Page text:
The Application Of Permanent Magnets In Magnetic Sensors
Magnetic Sensors Permanent magnets * Permanent magnets are ubiquitous in modern societies. Devices which use permanent magnets include motors, sensors, actuators, acoustic transducers, etc. These are used in home appliances, speakers, office automation equipment, aerospace, wind turbine generators, medical laboratory diagnostic test equipment, and more. It is estimated, for example, that a typical automobile
uses up to 120 permanent magnets in windshield wipers, starter motors, seat adjusters, door lock actuators, fuel pumps, sensors, gauges, etc. The development of Hybrid Electric Vehicle and Electric Vehicle drive technologies has been greatly enhanced by the availability of high performance magnetic materials.
The historical development of permanent magnet materials based on their magnetic performance ((BH)max) is shown schematically in Figure 1. Of the many permanent magnet materials, four are still in common use: alnico, ferrite, samarium cobalt (SmCo), and neodymium iron boron (NdFeB). Alnico was invented and commercialized in the early 1940s. Ferrite magnets, also known as ceramic magnets, were first commercialized in 1952. SmCo5 was introduced in 1961 and an improved composition, based on Sm2Co17, was introduced in the early 1970s. The most recently developed material is NdFeB and was first available in 1984. Both the SmCo and NdFeB based materials belong to the family of rare earth magnets. Ferrite magnets, while providing less magnetic strength than rare earth magnets, cost far less. Therefore, they are still widely used wherever product cost is a major consideration over magnetic performance.
Today magnetic sensors are vital devices in many applications and industry segments. Their primary function is to interact with a magnetic field and convert mechanical motion or position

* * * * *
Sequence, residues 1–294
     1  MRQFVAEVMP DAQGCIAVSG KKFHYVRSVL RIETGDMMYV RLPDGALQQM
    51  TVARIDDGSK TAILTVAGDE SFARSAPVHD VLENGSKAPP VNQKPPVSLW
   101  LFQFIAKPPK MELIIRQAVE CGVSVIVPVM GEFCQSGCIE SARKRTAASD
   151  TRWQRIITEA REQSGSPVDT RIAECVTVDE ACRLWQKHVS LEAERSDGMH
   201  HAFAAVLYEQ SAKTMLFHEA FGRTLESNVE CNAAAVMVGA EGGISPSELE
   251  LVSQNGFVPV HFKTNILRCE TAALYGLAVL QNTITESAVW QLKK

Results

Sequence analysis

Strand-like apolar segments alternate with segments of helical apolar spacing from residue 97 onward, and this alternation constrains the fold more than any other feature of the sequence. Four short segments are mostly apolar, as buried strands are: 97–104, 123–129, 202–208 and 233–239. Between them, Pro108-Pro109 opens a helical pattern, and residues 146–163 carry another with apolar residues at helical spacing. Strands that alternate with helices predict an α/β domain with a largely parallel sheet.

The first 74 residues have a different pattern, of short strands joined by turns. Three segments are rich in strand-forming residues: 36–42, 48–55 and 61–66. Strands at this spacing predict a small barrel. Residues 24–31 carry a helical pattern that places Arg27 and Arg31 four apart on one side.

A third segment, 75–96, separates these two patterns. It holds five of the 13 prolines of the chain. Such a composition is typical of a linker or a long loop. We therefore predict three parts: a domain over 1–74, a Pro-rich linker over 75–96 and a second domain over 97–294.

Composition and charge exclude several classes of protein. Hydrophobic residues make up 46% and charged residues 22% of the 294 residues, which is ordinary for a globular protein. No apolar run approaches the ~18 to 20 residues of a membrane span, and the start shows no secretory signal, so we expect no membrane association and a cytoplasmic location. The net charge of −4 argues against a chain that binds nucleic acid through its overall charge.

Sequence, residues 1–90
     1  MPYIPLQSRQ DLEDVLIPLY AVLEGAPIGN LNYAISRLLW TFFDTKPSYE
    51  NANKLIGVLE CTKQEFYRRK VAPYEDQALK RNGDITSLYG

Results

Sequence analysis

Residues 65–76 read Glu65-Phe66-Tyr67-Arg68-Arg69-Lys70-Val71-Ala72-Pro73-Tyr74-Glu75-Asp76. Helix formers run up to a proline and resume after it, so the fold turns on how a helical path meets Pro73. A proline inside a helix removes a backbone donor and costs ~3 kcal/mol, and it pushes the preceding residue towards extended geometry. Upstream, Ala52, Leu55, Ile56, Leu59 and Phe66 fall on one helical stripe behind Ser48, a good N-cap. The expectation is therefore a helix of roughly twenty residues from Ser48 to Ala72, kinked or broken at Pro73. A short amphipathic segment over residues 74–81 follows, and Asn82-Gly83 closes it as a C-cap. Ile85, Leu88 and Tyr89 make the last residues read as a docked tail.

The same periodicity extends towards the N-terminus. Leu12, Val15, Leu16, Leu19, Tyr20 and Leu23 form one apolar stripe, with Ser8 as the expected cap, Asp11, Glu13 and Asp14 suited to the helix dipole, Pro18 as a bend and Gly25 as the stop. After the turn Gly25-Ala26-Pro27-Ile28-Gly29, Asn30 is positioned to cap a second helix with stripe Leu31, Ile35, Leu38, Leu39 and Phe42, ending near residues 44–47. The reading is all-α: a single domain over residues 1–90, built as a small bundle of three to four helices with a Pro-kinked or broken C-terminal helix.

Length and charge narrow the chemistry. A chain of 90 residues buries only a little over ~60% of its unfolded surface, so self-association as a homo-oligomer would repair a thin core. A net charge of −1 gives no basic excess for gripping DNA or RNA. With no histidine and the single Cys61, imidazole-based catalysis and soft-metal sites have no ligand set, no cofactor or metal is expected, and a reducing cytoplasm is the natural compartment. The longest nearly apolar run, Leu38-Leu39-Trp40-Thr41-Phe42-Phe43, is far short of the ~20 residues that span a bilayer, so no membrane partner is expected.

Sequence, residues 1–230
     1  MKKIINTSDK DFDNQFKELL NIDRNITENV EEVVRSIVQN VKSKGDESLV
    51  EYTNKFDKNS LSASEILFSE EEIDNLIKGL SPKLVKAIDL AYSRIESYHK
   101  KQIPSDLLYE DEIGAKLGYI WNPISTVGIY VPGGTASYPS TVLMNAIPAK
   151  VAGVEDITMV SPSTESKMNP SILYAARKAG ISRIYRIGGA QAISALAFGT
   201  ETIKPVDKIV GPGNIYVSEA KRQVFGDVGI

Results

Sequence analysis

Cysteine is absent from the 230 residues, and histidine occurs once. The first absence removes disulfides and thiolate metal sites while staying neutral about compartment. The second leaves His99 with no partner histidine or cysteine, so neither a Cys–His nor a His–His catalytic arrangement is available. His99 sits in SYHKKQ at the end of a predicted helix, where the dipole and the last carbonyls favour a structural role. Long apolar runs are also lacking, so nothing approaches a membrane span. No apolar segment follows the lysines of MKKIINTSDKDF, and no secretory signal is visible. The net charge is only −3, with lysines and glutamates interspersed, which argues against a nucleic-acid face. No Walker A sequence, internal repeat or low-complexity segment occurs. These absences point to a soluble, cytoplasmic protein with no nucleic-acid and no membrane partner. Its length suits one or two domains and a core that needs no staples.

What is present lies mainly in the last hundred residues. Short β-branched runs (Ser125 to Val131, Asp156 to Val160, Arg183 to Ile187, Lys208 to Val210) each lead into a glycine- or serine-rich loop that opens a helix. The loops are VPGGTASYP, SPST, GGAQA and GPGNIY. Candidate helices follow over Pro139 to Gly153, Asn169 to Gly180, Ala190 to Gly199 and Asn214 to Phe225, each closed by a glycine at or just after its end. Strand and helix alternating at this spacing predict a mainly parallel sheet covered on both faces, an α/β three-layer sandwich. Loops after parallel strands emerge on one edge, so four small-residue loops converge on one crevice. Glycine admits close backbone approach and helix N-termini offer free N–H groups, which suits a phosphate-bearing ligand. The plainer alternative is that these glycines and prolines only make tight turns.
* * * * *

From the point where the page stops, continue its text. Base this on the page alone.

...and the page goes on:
to an electrical signal. They operate contactlessly with no physical wear or tear and can work through sealed barriers with high reliability. Most magnetic sensors use on of the following
• Hall Effect
• Variable Reluctance
• Giant Magneto Resistive
• Wiegand Effect
• Reed Switch
The role of the permanent magnet in a sensor is to provide a magnetic field in an air gap; the field can be constant and extremely precise, or vary in magnitude and direction.
In the permanent magnet industry the magnetic parameter, (BH)max, is considered to be the best all-round single indicator of permanent magnet performance and is always included in any list of
published magnetic properties. It can be shown from first principals that for a magnetic circuit the energy stored in the field in the air gap is directly proportional to the product of flux density (B) and corresponding field strength (H) at any point on the second quadrant demagnetization normal curve; the product BH is known as the energy product as shown in Figure 2 below.
Hence, it follows that the volume of a magnet required to produce a given field in a given gap is minimum when the product of BH is maximum; (BH)max. In other words the higher the (BH)max should be the smaller the magnet volume to generate a given flux density.